Articles pointing to government policies as the drivers of food insecurity cited austerity policies following the global financial crash in 2008, which resulted in national debt and deficit: [33].

“Wages stagnated and working conditions worsened under Tory [Conservative] austerity policies after the financial crash.” (Guardian reader quoted in The Guardian, 19 November 2018)

Such government policies were portrayed as regressive (placing a greater burden on lower income rather than higher income groups) within articles, and therefore, exacerbating wealth inequality and driving food insecurity:

“The root of the problem is our refusal to share the wealth we have more equitably. Instead of tackling inequality, we are pursuing policies that intensify it.” (Sunday Express, 09 July 2017)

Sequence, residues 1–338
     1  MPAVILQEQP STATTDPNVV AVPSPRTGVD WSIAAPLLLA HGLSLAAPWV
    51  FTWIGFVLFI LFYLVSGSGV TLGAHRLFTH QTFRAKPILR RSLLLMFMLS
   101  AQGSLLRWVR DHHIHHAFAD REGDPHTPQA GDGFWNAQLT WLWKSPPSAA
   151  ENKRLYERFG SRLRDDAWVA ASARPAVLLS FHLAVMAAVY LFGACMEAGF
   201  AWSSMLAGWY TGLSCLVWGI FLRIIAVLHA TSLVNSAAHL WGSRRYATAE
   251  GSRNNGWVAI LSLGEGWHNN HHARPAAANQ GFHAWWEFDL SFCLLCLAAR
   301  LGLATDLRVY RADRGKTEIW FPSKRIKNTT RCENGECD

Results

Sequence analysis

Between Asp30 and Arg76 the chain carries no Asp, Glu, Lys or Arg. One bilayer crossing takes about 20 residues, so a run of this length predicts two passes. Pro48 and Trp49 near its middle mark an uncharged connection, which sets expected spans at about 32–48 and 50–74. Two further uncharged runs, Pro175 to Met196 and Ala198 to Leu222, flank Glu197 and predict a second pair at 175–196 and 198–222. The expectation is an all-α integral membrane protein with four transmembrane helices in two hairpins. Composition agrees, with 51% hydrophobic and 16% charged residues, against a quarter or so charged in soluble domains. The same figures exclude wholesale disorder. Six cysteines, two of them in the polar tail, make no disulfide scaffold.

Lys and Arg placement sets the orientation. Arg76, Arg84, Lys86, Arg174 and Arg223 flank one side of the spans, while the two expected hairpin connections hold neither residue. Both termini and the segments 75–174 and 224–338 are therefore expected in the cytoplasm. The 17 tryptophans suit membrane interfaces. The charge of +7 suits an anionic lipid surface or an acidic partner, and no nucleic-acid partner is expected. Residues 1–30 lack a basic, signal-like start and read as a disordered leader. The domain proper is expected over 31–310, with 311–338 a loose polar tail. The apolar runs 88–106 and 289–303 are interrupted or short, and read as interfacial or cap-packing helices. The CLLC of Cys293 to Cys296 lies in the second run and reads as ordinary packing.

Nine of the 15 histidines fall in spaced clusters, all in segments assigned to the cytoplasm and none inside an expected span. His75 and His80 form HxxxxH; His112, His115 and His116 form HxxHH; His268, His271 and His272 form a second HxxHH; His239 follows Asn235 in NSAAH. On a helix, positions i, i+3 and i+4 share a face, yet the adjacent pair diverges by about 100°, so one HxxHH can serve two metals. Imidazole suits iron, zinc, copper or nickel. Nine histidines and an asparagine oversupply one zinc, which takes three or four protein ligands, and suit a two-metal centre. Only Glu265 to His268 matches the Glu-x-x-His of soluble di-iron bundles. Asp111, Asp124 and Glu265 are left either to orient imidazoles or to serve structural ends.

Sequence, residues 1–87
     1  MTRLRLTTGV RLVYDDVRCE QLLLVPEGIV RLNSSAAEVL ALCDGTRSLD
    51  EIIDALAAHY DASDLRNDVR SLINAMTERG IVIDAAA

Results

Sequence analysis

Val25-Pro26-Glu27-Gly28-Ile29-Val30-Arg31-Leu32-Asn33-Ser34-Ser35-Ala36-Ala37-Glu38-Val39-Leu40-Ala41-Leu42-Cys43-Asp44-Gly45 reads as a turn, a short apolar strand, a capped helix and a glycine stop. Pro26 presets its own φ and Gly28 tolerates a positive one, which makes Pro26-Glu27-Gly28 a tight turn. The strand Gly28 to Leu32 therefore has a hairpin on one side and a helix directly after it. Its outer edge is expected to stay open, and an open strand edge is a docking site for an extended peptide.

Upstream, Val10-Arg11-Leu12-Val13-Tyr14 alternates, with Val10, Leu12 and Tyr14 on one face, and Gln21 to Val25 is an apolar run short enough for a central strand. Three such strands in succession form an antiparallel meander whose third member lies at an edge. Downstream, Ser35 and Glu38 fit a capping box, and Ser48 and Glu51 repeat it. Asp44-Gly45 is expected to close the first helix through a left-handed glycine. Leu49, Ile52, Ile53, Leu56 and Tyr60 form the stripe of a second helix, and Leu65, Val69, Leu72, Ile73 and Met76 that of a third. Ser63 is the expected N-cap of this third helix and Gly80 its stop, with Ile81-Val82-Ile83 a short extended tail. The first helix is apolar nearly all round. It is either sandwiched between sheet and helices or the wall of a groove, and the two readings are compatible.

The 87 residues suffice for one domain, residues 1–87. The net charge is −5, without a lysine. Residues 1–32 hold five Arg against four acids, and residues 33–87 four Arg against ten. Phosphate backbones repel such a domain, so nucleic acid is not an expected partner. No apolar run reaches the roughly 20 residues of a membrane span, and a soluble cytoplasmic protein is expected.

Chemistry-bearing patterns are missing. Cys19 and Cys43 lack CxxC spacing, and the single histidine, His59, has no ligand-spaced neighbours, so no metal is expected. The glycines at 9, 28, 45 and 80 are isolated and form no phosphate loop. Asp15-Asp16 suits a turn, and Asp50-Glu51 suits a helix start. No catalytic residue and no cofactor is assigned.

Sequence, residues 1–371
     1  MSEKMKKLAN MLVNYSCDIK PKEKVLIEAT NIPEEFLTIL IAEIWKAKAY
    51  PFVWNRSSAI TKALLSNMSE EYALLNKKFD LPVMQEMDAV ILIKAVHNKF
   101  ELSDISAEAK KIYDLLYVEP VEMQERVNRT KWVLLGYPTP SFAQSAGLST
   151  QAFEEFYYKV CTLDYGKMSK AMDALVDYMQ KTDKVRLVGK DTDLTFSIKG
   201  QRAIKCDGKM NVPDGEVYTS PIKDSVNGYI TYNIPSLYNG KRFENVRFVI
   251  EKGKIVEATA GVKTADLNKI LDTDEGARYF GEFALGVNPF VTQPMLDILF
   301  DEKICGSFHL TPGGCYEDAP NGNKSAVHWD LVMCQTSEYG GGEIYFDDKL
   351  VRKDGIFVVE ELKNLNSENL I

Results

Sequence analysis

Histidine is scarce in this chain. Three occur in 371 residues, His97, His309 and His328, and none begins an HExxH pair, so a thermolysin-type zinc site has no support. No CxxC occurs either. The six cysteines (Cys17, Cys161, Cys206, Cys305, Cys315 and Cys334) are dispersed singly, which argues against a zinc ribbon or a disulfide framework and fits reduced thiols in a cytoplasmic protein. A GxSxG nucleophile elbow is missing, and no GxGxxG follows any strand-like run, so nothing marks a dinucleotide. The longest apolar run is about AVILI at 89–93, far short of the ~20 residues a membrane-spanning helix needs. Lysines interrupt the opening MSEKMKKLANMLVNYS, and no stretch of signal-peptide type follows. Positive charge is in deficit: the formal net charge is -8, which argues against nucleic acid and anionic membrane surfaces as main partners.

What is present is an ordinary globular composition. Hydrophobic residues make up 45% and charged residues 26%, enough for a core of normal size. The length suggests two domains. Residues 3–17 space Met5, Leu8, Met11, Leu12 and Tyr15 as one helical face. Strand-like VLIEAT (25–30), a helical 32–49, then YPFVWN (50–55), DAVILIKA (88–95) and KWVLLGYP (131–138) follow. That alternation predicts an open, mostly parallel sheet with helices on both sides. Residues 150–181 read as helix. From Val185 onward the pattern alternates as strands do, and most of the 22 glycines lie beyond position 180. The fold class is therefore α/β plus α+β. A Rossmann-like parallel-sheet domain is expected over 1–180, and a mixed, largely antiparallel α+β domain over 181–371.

The design and implementation of the Universal Credit social security system, as part of the Conservative government’s welfare reforms, was particularly strongly linked to food insecurity in included articles:

“Food banks handed out a record number of meals last year after the chaotic introduction of universal credit, the government’s flagship welfare overhaul, left claimants unable to afford meals when their benefits were delayed.” (The Guardian, 25 April 2017)

The main problem with Universal Credit mentioned was the delay of initial payments – of at least 5 weeks – when switching from the old system. The “harsh taper rate which punishes people for earning more” (The Sun, 31 January 2019) was also considered problematic.

Politicians from the Labour party, the main opposition to the Conservative party, emphasised the government’s responsibility for tackling food insecurity and criticised the government’s actions: